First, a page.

Then the only way to accomplish these things is to make a declaration on January 1 to become a better, more fit, healthier, radiant person. Not January 2 or January 3 or April 10 or July 5, but January 1. New Year’s Day! That’s the only way!
This is obviously the No. 1 duh overrated resolution and probably the easiest item for terrible failure. Launching the unexercised body into intense cardio workouts and weight training is just stupid. Plus, you’ll be frustrated by all of the wannabe hardbodies that take freaking forever to knock out a set at the wide-grip lat-pulldown machine. Plus, you’re definitely getting sick because gyms are cesspools of germs, especially in the winter.
Ditching social media
Yeah, sure. You’re totally going to trim the time spent scrolling through Instagram, attending events found on Facebook, replying to messages on Twitter. Soon, you’ll gain an e-reputation. A bad one — jerk, for instance. And then everyone will un-friend you and you won’t have any more friends. Happy New Year.
Become “happier” in the New Year
What does this even mean? We’d be “happy” to hear.
Instead of blogs, you’re dead set on reading the newspaper, which will inspire the writing of “old fashioned” letters on a typewriter, all while a new record player spins wax at 33 1/3 and 45 rpm because that’s what a vinylphile does when he’s “getting into vinyl.”
Please don’t become this douche-y swine. But if you do, keep quiet about it. After all, if you’re fully committed to overrated resolutions, you won’t have a Facebook account to announce it to the world.
Wait, so you want to help someone out because it’s New Year’s and not out of the bottomless goodness of your perfect, saintly heart?
No, this is not overrated. Not blowing money on a crap restaurant meal or a bunch of drinks or a device that suffers from instant technological obsolescence is never ever false hype. The absence of a monthly gym bill is a great way to start pocketing extra scratch.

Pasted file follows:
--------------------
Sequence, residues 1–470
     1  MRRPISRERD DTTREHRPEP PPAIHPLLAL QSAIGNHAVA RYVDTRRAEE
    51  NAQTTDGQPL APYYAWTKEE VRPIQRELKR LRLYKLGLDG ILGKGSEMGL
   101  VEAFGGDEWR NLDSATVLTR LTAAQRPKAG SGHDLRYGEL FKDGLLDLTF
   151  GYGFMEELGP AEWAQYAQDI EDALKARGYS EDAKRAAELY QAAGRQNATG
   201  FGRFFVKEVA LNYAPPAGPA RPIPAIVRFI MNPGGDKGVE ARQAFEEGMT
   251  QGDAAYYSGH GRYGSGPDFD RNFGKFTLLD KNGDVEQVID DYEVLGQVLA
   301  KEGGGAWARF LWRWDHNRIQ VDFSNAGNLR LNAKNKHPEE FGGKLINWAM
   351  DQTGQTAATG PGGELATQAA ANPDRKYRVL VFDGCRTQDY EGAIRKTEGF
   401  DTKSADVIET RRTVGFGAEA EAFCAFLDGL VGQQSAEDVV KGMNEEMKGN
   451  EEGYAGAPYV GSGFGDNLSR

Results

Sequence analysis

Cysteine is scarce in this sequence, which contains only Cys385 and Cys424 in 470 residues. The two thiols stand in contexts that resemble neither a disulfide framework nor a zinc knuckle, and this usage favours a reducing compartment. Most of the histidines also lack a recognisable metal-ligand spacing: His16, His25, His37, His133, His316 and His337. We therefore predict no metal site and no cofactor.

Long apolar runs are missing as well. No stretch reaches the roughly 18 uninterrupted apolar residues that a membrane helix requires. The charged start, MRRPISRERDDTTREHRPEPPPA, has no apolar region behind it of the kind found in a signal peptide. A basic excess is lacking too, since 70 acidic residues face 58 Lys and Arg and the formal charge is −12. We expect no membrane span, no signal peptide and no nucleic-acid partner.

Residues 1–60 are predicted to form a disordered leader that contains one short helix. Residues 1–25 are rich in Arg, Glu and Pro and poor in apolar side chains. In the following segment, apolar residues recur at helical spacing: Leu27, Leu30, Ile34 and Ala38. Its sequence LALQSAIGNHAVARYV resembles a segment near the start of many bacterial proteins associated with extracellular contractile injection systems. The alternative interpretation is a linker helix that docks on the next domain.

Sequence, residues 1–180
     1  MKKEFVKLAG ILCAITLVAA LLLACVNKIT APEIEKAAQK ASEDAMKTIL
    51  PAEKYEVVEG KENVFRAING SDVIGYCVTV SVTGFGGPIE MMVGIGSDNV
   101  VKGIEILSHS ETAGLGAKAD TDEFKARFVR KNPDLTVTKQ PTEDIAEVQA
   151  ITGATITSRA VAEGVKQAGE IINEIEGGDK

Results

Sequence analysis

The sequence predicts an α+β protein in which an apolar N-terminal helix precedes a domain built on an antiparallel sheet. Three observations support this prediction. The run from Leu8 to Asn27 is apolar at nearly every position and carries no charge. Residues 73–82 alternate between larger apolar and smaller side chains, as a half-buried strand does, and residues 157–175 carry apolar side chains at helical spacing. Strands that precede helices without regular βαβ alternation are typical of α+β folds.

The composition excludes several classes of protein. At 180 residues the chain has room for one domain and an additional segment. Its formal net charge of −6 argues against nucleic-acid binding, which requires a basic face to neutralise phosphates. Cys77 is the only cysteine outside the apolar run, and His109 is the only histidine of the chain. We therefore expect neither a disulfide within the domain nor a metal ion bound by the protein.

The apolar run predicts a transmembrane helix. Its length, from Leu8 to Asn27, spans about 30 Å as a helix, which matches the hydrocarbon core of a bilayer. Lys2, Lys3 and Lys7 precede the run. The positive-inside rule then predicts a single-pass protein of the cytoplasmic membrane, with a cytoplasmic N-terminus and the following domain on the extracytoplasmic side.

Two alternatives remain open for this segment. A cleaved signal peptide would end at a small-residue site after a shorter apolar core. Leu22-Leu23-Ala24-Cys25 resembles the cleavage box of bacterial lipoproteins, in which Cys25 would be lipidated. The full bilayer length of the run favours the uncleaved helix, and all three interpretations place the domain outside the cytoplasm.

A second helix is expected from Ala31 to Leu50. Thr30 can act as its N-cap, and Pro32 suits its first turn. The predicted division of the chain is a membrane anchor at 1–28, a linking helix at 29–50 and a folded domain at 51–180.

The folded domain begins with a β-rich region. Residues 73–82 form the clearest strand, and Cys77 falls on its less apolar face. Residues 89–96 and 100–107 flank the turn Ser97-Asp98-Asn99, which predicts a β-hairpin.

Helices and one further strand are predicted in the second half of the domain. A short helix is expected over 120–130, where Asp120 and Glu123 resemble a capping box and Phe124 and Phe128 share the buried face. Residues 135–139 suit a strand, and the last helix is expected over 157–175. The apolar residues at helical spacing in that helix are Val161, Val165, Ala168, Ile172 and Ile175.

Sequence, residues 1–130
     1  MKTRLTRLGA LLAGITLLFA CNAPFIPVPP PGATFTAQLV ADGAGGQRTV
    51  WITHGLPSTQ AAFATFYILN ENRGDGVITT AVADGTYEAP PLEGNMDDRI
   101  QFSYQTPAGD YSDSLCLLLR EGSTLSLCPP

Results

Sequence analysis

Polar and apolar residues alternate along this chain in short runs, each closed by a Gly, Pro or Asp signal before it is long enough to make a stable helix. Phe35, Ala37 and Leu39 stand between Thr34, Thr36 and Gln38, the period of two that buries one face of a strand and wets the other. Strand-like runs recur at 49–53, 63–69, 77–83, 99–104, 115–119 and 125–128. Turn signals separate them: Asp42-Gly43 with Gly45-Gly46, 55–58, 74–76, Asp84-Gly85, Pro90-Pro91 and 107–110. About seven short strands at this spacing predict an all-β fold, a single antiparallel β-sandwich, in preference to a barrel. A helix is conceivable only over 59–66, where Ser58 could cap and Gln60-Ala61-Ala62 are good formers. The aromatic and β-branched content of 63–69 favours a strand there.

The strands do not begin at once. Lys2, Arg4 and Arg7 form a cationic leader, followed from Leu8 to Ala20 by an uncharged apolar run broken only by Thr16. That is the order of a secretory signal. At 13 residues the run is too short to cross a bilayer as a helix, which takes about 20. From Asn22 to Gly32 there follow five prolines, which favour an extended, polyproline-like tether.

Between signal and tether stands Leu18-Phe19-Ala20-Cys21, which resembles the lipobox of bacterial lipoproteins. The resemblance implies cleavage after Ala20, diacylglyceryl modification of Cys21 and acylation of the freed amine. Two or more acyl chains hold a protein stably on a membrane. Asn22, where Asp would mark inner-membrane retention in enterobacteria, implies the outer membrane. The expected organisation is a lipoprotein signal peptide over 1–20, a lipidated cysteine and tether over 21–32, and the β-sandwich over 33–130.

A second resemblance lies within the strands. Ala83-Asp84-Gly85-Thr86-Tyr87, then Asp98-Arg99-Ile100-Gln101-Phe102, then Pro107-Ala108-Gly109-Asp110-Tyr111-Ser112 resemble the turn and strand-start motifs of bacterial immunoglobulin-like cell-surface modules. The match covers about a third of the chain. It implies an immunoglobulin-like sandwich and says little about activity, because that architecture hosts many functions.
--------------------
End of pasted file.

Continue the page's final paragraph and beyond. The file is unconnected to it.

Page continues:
Take trips in your own city
As a native or longtime Houstonian, have you ever been to the San Jacinto Battleground and Monument? Or the National Museum of Funeral History? What about Sam Lightnin’ Hopkins’s Historical Marker in the Third Ward? No? Well, you should. All of that stuff is so easy to get to and it's worth the 50 cents of gas.
Not seeing the sites in your own city is ridiculous. It’s like living in Arizona and never going to the Grand Canyon, which seems to afflict that state’s population much too much.
Even if you don’t get hoodwinked into buying a pricey gym contract, you need to stretch. No, this isn’t a subtle way of telling you to become a yogi. (That’s also overrated.) Eight hours of sitting at a desk sucks, but limber muscles rule. Baby got back pain? That’s probably because you have tight hamstrings. Reoccurring headaches? Dude, your neck is basically rope, but you can totally stretch it yourself, even while sitting at your sad cubicle.
Getting in shape/deleting Facebook/becoming a “happy” individual/other miscellaneous mind-body-spirit choices in April or September or some other time that’s not January 1
Why do lifestyle choices have to occur on a specific day? Don’t you want to achieve steadiness in your life? If so, going all in on one day makes you a .00273973 (1 divided by 365) balanced person.
Pull this off and you’re the coolest.